Cache

Caching helps us to store frequently accessed data stored and retrieved from the Cache Memory of the Server. Existing Asp.Net applications heavily dependent on InProc Cache memory for storing and retrieving Output Buffers, ViewState, Session State and Named Caches. InProc is the fastest caching technique as it stores the caching data within the application server, but the major downfall with InProc cache is, it will lose the objects when the server or the IIS gets restarted. 
Similarly, if your application is hosted in more than 1 server inproc is not an ideal solution as it depends on the Cache memory of the host server. 

Azure offers 3 different Caching solutions 

1. Azure Redis Cache (Preferred)
2. Azure AppFabric Managed Cache
3. Azure AppFabric InRole Cache

Out of all 3, Azure Redis Cache is the newest offering based on popular open source Redis Cache which is fully managed and serviced by Microsoft. Azure Redis Cache has lot of advantage over the rest 2 options because it supports running atomic operations on these types, like appending to a string; incrementing the value in a hash; pushing to a list; computing set intersection, union and difference; or getting the member with highest ranking in a sorted set etc. Other features include support for transactions, pub/sub, keys with a limited time-to-live, and configuration settings to make Redis behave more like a traditional cache.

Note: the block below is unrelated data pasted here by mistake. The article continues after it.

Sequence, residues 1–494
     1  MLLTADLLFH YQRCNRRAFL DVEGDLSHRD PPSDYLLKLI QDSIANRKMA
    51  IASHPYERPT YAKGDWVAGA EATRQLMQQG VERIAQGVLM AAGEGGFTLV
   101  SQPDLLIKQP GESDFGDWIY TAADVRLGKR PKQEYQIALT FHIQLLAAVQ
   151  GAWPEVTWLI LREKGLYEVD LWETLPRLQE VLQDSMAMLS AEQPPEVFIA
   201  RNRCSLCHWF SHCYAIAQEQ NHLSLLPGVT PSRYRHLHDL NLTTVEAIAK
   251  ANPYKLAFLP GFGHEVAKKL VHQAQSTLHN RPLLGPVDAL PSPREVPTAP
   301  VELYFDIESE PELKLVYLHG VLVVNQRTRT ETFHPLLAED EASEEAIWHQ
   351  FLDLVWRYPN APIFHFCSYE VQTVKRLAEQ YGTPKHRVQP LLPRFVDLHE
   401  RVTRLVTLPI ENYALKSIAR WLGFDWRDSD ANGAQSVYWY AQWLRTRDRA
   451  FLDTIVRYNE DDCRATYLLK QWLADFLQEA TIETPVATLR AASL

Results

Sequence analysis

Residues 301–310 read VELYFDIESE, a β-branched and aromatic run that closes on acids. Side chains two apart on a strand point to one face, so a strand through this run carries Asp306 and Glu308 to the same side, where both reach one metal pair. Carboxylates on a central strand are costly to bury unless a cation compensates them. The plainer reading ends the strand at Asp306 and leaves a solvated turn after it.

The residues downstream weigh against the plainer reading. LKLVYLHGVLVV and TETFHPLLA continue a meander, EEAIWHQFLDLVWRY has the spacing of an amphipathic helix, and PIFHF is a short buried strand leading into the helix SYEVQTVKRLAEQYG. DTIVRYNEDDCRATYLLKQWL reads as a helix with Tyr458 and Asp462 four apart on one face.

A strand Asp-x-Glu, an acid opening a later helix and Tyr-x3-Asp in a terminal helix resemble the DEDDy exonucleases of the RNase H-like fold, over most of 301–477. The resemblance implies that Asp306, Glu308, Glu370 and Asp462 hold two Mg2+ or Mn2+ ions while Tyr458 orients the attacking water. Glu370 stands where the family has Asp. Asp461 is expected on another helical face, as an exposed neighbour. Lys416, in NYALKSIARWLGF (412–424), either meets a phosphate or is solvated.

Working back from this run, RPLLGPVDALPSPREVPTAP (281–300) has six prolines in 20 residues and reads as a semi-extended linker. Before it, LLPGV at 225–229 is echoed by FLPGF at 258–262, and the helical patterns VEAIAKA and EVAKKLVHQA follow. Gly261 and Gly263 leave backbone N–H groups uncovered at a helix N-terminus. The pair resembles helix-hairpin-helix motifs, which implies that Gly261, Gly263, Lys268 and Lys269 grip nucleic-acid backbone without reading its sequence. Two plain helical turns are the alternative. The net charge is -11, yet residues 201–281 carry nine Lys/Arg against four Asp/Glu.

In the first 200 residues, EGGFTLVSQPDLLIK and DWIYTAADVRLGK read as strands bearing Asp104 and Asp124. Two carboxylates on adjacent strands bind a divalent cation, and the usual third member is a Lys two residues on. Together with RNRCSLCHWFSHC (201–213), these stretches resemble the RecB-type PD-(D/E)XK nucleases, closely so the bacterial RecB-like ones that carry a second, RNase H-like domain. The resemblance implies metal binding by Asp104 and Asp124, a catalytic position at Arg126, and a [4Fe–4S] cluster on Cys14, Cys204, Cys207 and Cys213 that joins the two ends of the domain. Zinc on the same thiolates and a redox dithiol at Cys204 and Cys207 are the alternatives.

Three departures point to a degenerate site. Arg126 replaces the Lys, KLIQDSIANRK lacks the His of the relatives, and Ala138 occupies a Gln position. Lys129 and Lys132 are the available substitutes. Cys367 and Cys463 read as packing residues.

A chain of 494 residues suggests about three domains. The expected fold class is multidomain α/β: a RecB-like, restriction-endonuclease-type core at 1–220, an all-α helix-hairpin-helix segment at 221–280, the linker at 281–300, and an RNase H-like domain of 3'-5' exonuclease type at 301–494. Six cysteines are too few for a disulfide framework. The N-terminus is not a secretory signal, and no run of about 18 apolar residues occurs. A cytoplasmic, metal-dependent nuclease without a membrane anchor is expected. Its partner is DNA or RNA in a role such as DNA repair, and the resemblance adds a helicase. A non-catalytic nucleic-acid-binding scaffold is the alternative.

Azure AppFabric Managed Cache offers providers for storing ViewState, Session State, and Output Buffer etc. Azure AppFabric InRole Cache, is a self-hosted alternative where the developers must take care of patching and updating themselves.

Store SessionState in Redis Cache

Session State dependent Web applications can easily move from InProc Cache to Azure Redis Cache in 2 steps.

  1. Create a Azure Cache Node
  2. Update your Web.config to refer Azure Redis Cache instead of InProc Cache


Comment out the Following Configurations in the web.config File



<!-- <sessionState mode="InProc" customProvider="DefaultSessionProvider">
  <providers>
    <add name="DefaultSessionProvider" type="System.Web.Providers.DefaultSessionStateProvider, System.Web.Providers, Version=1.0.0.0, Culture=neutral, PublicKeyToken=31bf3856ad364e35" connectionStringName="DefaultConnection" />
  </providers>
</sessionState> -->


Include the following configuration in the web.config File


<sessionState mode="Custom" customProvider="8KMilesSessionStateStore">
  <providers>
    <!-- Syntax
      <add name="MySessionStateStore"  host = "127.0.0.1" [String] port = "" [number]  accessKey = "" [String]
        ssl = "false" [true|false] throwOnError = "true" [true|false] retryTimeoutInMilliseconds = "0" [number]
        databaseId = "0" [number] applicationName = "" [String]  connectionTimeoutInMilliseconds = "5000" [number]
        operationTimeoutInMilliseconds = "5000" [number]  />
    -->
    <add name="8KMilesSessionStateStore " type="Microsoft.Web.Redis.RedisSessionStateProvider" host="8KMilesSessionStateStore.redis.cache.windows.net" 
    accessKey="..." ssl="true" />